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Solution for this question in solid state

  1. Oct 23, 2009 #1
    plz solution for this question in solid state

    A crystal has a basis of one atom per lattice point and a set of primitive translation vectors
    a = 3 i , b = 3 j , c = 1.5 (i + j + k)
    where i, j and k are unit vectors in the x,y and z directions of a Cartesian coordinate system. 1)What is the Bravais lattice type of this crystal
    2) what are the Miller indices of the set of planes most densely populated with atoms? 3)Calculate the volumes of the primitive unit cell and the conventional unit cell
     
  2. jcsd
  3. Oct 23, 2009 #2
    Re: plz solution for this question in solid state

    (1) So you have a vector [tex]a[/tex] 3 units in the [tex]x[/tex] direction, a vector [tex]b[/tex] 3 units in the [tex]y[/tex] direciton, and a vector [tex]c[/tex] 1.5 units in the [tex]x+y+z[/tex] direction. What does this look like? Use graph paper if you have to, but you should be able to visualize this.

    (2) To find Miller Indices, do this:
    * Determine the intercepts of the face along the crystallographic axes, in terms of unit cell dimensions.
    * Take the reciprocals
    * Clear fractions
    * Reduce to lowest terms

    (3) The volume is found using

    [tex]\tau=\left|\mathbf{c}\cdot\left(\mathbf{a}\times\mathbf{b}\right)\right|[/tex]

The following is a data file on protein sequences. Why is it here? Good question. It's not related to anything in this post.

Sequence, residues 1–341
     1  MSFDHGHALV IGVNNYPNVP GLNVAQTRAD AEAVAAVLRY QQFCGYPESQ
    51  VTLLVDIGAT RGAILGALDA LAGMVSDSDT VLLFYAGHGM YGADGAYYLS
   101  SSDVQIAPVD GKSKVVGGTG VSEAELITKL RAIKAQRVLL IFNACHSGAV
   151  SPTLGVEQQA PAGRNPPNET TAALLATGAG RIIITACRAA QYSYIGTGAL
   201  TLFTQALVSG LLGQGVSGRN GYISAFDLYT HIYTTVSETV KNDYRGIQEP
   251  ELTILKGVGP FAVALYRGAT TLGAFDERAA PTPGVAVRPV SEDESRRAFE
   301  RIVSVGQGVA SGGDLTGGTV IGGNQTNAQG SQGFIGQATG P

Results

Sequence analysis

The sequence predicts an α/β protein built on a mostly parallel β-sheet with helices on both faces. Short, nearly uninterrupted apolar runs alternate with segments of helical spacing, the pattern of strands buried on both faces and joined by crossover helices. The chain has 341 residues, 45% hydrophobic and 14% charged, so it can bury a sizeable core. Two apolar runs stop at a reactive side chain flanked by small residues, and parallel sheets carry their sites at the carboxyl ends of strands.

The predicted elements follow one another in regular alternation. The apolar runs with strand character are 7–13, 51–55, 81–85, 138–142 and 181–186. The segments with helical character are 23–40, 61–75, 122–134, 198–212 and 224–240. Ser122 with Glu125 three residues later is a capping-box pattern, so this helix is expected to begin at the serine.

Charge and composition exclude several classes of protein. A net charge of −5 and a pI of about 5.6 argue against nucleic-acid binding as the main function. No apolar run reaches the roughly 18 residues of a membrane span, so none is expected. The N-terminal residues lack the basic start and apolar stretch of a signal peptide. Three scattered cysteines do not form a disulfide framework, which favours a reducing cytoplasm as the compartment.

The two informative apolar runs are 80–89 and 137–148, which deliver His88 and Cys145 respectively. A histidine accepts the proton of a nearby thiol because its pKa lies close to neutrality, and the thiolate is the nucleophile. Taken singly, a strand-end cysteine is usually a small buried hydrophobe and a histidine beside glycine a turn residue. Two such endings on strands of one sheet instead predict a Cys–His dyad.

So use your given vectors, plug them in and see what you get.
     
  4. Oct 23, 2009 #3
    Re: plz solution for this question in solid state

    thx
    i solved as
    i considered the bravais lattice is bcc
    but for miller indices
    hkl = 112 respectively
    V=|a.b*c|=27/2

    are u think that is right?
     
  5. Oct 23, 2009 #4
    Re: plz solution for this question in solid state

    This looks right too me, but note that the volume is found by multiplying the base area by the component of c along the axis perpendicular to the base. This means you need the dot product of the cross product of the base with the c axis:

    [tex]
    \tau=\left|\mathbf{c}\cdot\left(\mathbf{a}\times\mathbf{b}\right)\right|
    [/tex]

    In this case, you do get the same answer, but you should be aware that the correct formula is the one I wrote, not the one you used.
     
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